12 Season the puree with salt to taste. about 30 minutes. and serve it warm. A food mill works well. Then use a thick rubber spatula or rubber bench scraper to pass the potatoes through the sieve and into the butter. uncovered. O Drain the potatoes. Reduce the heat. To ensure that the potatoes are tender enough to puree. and both Heston Blumenthal and Jeffrey Steingarten developed the step of cooking sous vide that pregelatinizes the potatoes. and drain out the water. stirring often with a spatula to prevent sticking. Mix well. Bring the water to a boil. 10 Stir the hot cream or milk into the potato puree. insert a skewer through the thickest potato: there should be no resistance. Transfer the potatoes to a pot.Open the bag. Refrigerate the potatoes. about 25 minutes. Joel Robuchon introduced the technique of fine sieving. and pass them through ^ * a ricer. too. Pour in enough water to cover them. Option***^ ally. for a finer texture. until they have cooled completely. You can adjust the consistency by adding more cream or milk to your liking. 11 Warm the mixture in a saucepan over medium-low heat until it is hot. and simmer until the potatoes are tender throughout. This recipe is our homage to the chefs and passionate food writers who have spent a great deal of time refining the simple but incredible staple of creamy mashed potatoes. Q Stir the butter into the potatoes. . arrange a tamis or fine sieve over a bowl containing the cubed butter.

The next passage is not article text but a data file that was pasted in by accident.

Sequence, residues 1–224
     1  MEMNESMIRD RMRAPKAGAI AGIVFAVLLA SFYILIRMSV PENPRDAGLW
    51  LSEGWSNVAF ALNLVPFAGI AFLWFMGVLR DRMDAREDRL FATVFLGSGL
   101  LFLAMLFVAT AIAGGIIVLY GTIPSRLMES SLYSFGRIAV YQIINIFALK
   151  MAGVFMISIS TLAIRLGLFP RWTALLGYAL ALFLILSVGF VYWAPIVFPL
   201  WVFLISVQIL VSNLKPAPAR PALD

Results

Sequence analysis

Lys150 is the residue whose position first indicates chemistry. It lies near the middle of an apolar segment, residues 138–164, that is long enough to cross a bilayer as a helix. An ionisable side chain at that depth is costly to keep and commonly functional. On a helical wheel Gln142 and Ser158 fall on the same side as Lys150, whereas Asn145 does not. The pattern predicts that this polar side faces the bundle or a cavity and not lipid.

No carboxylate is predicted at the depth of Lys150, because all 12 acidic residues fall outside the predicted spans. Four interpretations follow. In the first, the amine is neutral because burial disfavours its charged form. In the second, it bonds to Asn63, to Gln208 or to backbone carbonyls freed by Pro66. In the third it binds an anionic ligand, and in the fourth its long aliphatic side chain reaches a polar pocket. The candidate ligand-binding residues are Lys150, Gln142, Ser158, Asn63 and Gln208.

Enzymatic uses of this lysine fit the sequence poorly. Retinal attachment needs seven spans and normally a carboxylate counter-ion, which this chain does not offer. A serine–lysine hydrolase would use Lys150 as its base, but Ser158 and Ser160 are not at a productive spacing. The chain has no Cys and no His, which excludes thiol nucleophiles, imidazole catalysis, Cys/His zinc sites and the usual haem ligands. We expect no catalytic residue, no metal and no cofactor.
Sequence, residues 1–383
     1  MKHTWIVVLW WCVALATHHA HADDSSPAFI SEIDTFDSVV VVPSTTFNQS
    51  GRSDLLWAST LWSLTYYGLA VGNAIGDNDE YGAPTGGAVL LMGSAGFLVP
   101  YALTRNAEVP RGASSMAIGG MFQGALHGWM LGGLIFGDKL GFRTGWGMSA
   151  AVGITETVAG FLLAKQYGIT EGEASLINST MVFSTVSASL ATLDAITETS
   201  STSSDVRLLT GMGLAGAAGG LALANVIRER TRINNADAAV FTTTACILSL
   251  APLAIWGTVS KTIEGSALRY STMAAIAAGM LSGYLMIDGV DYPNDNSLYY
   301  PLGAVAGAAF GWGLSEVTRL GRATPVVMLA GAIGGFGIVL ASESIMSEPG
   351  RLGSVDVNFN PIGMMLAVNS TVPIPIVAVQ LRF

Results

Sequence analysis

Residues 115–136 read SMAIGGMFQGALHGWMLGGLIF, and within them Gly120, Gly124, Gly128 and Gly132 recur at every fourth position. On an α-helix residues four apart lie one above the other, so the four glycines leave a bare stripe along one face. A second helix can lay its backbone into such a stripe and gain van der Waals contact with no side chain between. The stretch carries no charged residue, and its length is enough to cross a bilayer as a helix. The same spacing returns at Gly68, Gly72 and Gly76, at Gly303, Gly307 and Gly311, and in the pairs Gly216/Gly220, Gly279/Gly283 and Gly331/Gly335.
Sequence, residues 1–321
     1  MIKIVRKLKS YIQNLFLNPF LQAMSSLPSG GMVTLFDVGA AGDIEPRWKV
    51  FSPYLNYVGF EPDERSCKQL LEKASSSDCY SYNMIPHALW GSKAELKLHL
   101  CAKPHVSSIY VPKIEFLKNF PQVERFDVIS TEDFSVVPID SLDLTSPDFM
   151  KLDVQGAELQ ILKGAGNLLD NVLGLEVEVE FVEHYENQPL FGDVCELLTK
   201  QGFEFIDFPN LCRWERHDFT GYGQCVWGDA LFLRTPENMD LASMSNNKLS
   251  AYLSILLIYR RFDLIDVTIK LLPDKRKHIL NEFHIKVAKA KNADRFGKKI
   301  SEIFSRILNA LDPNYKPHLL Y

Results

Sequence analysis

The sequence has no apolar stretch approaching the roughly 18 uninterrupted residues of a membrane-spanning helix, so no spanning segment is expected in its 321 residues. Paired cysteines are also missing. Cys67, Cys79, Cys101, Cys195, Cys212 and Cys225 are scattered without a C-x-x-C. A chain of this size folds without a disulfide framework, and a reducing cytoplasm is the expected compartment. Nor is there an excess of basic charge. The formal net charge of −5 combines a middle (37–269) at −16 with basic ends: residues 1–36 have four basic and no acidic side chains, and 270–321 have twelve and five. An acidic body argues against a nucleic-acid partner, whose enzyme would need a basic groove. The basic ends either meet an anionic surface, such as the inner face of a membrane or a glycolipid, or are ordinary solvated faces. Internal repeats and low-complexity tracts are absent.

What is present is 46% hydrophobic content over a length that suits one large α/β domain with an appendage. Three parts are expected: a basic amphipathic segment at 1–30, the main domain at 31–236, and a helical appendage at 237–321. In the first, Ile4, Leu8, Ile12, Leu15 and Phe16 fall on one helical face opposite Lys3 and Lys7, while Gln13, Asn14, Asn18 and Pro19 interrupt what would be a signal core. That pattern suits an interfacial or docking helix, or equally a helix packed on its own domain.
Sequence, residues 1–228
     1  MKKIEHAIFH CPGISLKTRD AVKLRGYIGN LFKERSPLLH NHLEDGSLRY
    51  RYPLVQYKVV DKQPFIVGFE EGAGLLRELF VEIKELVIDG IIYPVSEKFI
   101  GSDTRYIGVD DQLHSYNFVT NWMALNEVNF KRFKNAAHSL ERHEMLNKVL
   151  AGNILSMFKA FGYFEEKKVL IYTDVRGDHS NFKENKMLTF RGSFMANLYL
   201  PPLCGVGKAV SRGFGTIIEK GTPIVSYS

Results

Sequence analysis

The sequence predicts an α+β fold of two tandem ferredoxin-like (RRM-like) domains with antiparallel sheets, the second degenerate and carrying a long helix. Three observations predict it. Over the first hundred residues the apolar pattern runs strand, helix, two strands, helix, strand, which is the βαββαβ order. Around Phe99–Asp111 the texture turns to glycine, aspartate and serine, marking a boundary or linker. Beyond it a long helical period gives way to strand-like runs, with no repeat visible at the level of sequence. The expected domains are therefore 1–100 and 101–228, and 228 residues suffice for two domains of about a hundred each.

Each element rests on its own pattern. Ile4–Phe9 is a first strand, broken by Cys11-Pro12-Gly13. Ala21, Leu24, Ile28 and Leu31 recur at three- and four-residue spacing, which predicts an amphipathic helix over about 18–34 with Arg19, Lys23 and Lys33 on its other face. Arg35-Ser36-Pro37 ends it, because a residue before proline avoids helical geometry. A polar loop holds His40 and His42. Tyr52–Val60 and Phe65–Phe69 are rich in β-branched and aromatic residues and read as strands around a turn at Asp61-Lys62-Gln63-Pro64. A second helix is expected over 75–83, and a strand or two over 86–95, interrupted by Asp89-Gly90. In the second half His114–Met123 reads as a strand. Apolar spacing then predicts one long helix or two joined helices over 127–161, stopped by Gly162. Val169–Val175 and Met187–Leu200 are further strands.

3 lb 100% (D Place the pork belly and brine in a zip-top bag. VARIATIONS Pressure-Cooked Pork Belly If you're in a hurry. and then refrigerate it until fully chilled.H]r>jLi#ji^r Cucumber. make a sloppy-joe-stylc B. Pressure-cook the belly at a gauge pressure of 1 bar/IS psi for 50 minutes. • TO MAKE AHEAD After cooling the pork belly in step 7. m m m » • . Sear the pork on one side only until crispy. Insta Cure #1 (optional).T. Refrigerate it for 24 hours to let the brine now inside the belly equilibrate.6 lb of cooked pork belly) SYz days overall. and slice it as in step 8. you can pressure-cook the meat. and refrigerate it for up to 3 days. and changes its flavor (think ham or corned beef). serve assembled sandwich immediately moderate sous vide setup. The result is quite different from the sous vide version. © Preheat a water bath to 65 °C/149 "F. by shredding the meat and frying it. rinse it thoroughly. firms its texture. Even if you omit the brine. although different. Skip the curing step.PORK BELLY B. Salt 70 g Vz cup 4. keeping the pork sealed. but the flavor is testy.T. Neutral frying oil as needed © Heat a thin film of oil in a frying pan overhigh heat until very hot. YIELD: TIME ESTIMATE: STORAGE NOTES: LEVEL OF DIFFICULTY: SPECIAL REQUIREMENTS: four sandwiches (1. at least 4 hours. the texture will be less tender.2 kg/2. Then continue with step 8. and pat it dry.L. Bacon Mayonnaise (see variation on page 108) Our twist on a traditional B. Cool the meat completely before slicing and searing it. Cook the bacon sous vide at 65 < /149 °F for 12 hours. substitutes a crispy yet tender pork bellyforcrunchy bacon. or buy prebrined belly from the store. about 2 minutes. flipping the bag once a day. Alternatively. remove as much air as possible. and use a slab of smoked bacon in step 6. Cooked pork belly.5 cm/% in thick.L. Because of the strong cure used to create bacon. see page xxii White bread.L. fresh apple or pear. skin on 1. including 30 minutes of preparation and 132 hours unattended cooked pork belly keepsfor 3 days when refrigerated. If top-quality tomatoes are unavailable. 232 i Divide evenly among the sandwiches. golden brown. INGREDIENT WEIGHT VOLUME SCALING PROCEDURE Water 1 kg 1 1/4VA cups 67% (T) Mix until fully dissolved to make a brine. which produces a braised texture. Bacon mayonnaise adds a bit of smokiness to the sandwich.T. Begin at step 5. and just warmed through. © Cook the pork belly sous vide for 36 hours. peeled and sliced 20 thin slices Tomato. and seal. (f) Remove the belly from the brine. toasted Bacon Mayonnaise ® Spread the bacon mayonnaise on each slice of toast 8 slices 60 g VA cup 4% o?> Top with the seared pork belly. it will fall apart. and serve immediately. use roasted onion. remove from the ice bath. from above as desired ® Cut the pork belly into slices 1.7% Sugar 30 g 3Tbsp 2% Insta Cure #1 (optional) 30 g 2% Fresh pork belly. Brining the pork belly helps the meat retain its reddish color. but still very good. or sauteed mushrooms instead. vacuum sealer. see variation on page 108 . Use leftover pork belly in stews or to enrich vegetable side dishes. 1 Smoked Bacon B. Or try our Tomato Confit (see page 128). otherwise.5 kg/3. 0 Vacuum seal the belly. sliced 12-16 slices Avocado. sliced 12 thin slices Bibb or Boston lettuce 4-8 leaves ® . MODERNIST CUISINE AT HOME » — - — V H n M'lrfify .LT. the result is delicious. Refrigerate for 72 hours. @ Plunge the bag in ice water to cool.